In a monoculture plantation, there are no varieties of plant that naturally provide nutrients to the soil, such as nitrogen-fixing legumes, or ground cover crops that improve the nutrient content of the topsoil, or a variety of plants with different root depths to reduce erosion. There are fewer species of microorganisms and beneficial bacteria in the soil, and no range of insect species to ensure that a single population does not get too large and damage too many plants. 

Plantations are a direct threat to forests. In monoculture plantations, ground cover crops are eliminated, so there is no longer any natural protection against soil erosion. Degraded soil becomes unusable for agriculture after a few years, so it is a fallacy that plantations are sustainable because you can grow crops on the same piece of land over and over again. Forests are then cleared to provide new agricultural land, starting the damaging cycle all over again. Published scientific studies show that up to 300 football fields’ worth of actual forest are cleared every hour to make room for oil palm plantations. 

Without topsoil to improve moisture retention in the soil, monoculture plantations require huge amounts of water to irrigate the crops. This means that water is pumped from rivers, lakes and other water sources to irrigate plantations, depleting natural water sources. This is on top of the pollution of water sources by agricultural chemicals. A forest, in contrast, serves as a watershed area and improves water quality by minimising erosion and filtering pollution.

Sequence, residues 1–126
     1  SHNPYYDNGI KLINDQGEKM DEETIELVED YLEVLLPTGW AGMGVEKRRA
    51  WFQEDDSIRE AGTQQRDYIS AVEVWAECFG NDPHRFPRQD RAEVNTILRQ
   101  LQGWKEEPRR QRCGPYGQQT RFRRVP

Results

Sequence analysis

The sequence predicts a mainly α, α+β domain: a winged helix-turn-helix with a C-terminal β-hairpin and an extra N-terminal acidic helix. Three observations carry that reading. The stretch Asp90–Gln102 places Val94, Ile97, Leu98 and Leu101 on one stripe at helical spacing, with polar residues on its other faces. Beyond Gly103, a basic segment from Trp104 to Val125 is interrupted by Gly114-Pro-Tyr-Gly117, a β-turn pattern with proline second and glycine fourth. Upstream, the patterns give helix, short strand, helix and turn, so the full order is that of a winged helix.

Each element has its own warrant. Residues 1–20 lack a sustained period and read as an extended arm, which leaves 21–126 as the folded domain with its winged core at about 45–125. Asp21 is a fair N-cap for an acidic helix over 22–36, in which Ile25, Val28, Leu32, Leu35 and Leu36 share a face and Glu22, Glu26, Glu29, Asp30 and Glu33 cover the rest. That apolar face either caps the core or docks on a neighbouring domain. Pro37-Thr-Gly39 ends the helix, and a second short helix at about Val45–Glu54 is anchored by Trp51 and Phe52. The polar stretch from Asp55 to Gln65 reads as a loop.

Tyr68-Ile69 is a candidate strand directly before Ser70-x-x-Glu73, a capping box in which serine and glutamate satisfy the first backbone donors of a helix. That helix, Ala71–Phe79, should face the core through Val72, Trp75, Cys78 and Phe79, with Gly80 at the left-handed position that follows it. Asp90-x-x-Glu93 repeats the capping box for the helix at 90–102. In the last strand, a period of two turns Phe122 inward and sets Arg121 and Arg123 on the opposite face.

The writer claimed in his letter that ‘critics say that plantations contribute to climate change’. This is not merely a claim by ‘critics’ but backed up by science. Plantations don’t just appear out of wastelands, forests are cleared to make way for plantations. Between 2001 and 2017 alone, Malaysia has lost 7.29 million hectares of tree cover to oil palm cultivation. Not even comparing our ‘superior’ plantations to the grasslands and wheat fields of Europe can change the fact that plantations are a main driver of deforestation. 

The writer also claims that 54% of Malaysia is ‘virgin jungle’. Not even our Prime Minister would dare to corroborate such an outrageous claim. The UN Food and Agriculture Organisation reported Malaysia’s primary forest to be at 18.7% in 2010. The writer’s claim that oil palm and rubber trees are ‘jungle trees’ is also grossly inaccurate as these are introduced species that would not support local wildlife, birds, and plant diversity. Further, a monoculture plantation, even of local species such as durian and merbau, can never qualify as a forest because of all the factors explained above.